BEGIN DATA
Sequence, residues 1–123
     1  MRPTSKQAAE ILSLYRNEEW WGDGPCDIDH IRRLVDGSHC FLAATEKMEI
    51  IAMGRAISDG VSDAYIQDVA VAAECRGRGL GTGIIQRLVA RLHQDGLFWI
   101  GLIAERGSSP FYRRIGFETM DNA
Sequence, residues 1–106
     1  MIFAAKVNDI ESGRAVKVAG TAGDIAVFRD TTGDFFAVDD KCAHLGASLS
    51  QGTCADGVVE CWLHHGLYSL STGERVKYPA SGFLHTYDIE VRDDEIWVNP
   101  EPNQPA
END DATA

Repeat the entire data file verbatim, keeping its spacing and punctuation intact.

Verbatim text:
Sequence, residues 1–123
     1  MRPTSKQAAE ILSLYRNEEW WGDGPCDIDH IRRLVDGSHC FLAATEKMEI
    51  IAMGRAISDG VSDAYIQDVA VAAECRGRGL GTGIIQRLVA RLHQDGLFWI
   101  GLIAERGSSP FYRRIGFETM DNA
Sequence, residues 1–106
     1  MIFAAKVNDI ESGRAVKVAG TAGDIAVFRD TTGDFFAVDD KCAHLGASLS
    51  QGTCADGVVE CWLHHGLYSL STGERVKYPA SGFLHTYDIE VRDDEIWVNP
   101  EPNQPA